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Recruitment then and now

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LSWR Cavalier

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There is plenty about current recruitment on these fora, interesting for me although I am retired
I know that many years ago one could start as a cleaner, then upgrade to fireman, then driving small engines...

How was recruitment in BR days, before the www, how has it changed? How might it change in future?

Back then people might have stayed on the railway all their working life. Do many do that now?
 
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Gloster

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I just asked about a job at Guildford and the reply was on the lines of, “When can you start?”. I think that in the late 1970s BR was generally short of staff in the low level jobs in the main urban areas due to more attractive opportunities elsewhere. This was less true in rural areas where BR often offered more secure and better paid employment than was otherwise available locally. BR was still a fairly low wage employer: if you couldn’t get overtime, you were down at the level of unskilled workers’ pay. You had to want to be on the railway or liked such perks as it offered to be keen to join.
 

43066

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There is plenty about current recruitment on these fora, interesting for me although I am retired
I know that many years ago one could start as a cleaner, then upgrade to fireman, then driving small engines...

How was recruitment in BR days, before the www, how has it changed? How might it change in future?

Back then people might have stayed on the railway all their working life. Do many do that now?

I don’t personally remember BR days but there are plenty knocking around who can. The biggest change in recent years was probably drivers being recruited “off the street”, rather than from other railway roles. IIRC this first started in the early 90s in the late BR era. This was controversial when it first started but in the end the proof of the pudding has been in the fact that the majority of drivers are now recruited in this way.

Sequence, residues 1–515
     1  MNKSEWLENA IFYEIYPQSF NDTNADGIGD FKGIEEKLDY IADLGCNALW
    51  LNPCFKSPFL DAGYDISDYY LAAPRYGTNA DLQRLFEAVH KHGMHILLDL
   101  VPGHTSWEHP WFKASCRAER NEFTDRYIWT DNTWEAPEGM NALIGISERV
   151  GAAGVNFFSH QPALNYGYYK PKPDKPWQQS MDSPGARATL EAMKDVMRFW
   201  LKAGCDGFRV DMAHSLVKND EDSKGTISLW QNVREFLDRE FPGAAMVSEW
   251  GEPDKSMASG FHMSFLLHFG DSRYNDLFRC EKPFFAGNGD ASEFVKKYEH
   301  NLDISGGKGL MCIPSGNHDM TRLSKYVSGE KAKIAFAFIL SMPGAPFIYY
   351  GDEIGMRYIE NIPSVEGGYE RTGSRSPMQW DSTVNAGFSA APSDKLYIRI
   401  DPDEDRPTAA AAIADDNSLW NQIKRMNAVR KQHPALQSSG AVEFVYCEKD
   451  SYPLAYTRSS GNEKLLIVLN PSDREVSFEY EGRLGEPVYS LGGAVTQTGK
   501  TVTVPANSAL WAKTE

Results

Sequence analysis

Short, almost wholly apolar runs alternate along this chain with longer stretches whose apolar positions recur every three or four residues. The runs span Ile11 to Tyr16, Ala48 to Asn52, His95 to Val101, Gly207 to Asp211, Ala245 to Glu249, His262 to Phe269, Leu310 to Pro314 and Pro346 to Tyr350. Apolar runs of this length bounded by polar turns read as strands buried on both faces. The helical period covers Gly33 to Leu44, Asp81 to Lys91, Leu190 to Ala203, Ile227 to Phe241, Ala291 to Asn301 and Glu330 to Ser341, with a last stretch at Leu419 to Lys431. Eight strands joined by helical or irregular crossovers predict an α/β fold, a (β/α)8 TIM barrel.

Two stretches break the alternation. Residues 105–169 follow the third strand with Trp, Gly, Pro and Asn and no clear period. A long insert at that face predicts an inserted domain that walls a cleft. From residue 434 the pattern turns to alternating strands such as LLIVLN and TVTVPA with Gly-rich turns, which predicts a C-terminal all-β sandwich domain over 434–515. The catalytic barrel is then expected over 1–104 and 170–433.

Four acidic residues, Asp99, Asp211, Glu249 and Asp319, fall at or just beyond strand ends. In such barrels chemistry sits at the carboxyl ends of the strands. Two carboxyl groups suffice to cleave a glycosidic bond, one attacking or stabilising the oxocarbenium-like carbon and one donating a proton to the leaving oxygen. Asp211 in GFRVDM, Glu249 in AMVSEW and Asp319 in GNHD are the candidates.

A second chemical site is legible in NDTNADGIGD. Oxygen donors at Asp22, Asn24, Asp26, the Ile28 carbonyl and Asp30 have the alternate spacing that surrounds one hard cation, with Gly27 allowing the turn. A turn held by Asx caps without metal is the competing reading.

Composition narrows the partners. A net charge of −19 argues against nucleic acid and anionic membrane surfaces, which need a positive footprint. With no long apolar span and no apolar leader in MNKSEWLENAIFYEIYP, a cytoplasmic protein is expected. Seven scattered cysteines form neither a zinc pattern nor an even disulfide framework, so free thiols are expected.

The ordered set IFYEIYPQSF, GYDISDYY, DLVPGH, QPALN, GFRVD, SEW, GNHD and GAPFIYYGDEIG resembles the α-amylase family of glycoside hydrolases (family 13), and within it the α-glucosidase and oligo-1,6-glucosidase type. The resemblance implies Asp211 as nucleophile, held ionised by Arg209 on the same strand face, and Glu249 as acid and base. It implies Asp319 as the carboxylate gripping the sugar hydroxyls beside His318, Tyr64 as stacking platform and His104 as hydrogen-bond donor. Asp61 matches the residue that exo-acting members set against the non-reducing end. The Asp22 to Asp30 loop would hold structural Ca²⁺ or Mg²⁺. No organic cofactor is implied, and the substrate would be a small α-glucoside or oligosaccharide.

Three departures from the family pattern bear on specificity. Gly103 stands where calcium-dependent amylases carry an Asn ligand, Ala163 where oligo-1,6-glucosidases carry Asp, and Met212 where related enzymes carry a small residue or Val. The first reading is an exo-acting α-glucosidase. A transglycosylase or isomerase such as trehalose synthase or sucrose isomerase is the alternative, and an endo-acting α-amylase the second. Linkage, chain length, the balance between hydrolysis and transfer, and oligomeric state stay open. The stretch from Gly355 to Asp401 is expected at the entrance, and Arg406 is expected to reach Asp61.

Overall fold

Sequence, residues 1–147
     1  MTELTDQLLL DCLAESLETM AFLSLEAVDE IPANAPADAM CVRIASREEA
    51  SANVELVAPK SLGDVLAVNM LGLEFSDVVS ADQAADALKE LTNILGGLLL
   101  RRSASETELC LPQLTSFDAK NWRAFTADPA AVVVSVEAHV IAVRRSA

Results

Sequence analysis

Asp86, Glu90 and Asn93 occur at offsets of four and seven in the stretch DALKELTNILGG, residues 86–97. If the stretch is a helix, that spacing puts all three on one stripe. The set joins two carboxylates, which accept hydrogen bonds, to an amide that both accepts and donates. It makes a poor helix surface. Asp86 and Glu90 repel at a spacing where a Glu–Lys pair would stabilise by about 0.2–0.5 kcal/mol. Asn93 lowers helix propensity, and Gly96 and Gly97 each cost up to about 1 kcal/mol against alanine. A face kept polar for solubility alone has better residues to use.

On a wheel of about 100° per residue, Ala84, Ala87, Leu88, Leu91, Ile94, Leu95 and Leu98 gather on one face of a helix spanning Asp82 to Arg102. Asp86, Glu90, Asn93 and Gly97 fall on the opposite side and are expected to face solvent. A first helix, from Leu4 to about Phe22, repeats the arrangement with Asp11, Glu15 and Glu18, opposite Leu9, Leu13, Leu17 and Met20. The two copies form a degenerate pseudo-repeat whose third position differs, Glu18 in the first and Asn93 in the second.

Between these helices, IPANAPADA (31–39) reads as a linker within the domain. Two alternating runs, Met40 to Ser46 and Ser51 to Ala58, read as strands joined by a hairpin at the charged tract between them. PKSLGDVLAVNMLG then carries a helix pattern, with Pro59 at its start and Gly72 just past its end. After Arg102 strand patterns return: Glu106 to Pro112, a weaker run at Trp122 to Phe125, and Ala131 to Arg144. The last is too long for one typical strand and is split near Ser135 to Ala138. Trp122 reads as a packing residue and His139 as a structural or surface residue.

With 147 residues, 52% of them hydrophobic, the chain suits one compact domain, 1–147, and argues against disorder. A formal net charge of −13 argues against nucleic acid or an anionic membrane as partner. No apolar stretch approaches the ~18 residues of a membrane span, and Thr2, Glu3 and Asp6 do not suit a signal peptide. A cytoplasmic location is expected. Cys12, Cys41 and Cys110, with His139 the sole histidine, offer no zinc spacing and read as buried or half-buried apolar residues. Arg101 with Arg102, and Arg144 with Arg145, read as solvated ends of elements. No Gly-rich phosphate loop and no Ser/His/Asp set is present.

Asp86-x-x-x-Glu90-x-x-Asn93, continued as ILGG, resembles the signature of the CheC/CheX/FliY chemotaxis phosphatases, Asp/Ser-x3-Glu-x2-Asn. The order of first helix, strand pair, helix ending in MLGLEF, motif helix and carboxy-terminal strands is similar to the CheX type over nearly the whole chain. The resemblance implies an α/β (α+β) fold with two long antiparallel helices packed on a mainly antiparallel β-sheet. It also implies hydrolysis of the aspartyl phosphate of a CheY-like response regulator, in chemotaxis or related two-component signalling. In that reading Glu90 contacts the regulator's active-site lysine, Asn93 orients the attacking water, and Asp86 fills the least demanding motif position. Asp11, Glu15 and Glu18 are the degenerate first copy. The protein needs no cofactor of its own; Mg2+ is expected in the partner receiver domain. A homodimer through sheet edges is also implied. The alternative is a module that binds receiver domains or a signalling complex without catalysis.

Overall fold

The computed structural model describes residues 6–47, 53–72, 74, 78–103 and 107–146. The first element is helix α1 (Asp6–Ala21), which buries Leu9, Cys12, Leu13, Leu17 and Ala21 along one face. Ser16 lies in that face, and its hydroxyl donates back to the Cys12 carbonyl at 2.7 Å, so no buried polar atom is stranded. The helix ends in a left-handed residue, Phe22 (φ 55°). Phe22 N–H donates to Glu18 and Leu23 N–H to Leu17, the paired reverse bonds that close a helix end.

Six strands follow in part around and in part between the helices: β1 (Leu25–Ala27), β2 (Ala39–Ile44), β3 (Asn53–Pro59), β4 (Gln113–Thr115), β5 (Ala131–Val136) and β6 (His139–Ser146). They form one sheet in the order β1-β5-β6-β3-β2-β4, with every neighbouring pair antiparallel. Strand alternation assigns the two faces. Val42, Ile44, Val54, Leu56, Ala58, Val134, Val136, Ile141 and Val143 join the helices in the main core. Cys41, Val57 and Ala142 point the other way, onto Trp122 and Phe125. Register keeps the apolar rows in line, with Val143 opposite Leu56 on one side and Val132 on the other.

The industry also pays a lot better than it did under BR days, but a lot more is also expected in terms of professionalism, zero tolerance of mistakes, strict drug and alcohol policy etc. Recruitment has also been modernised in terms of appealing to a wider audience, bringing more women and ethnic minority candidates through.
 

High Dyke

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I commenced in the Railtrack era, but had previously applied during BR days. Hand writing out application forms, physical interviews/selection panels - not web based interviews. Being told your name would be kept on file for future vacancies in that location or trade. Little or no selection/aptitude tests (depending on the job applied for). in one case, for an internal job, I didn't even have an interview; I was just told to report to xx location at a particular time and a manager would come and pass me out. That wouldn't happen today.
 
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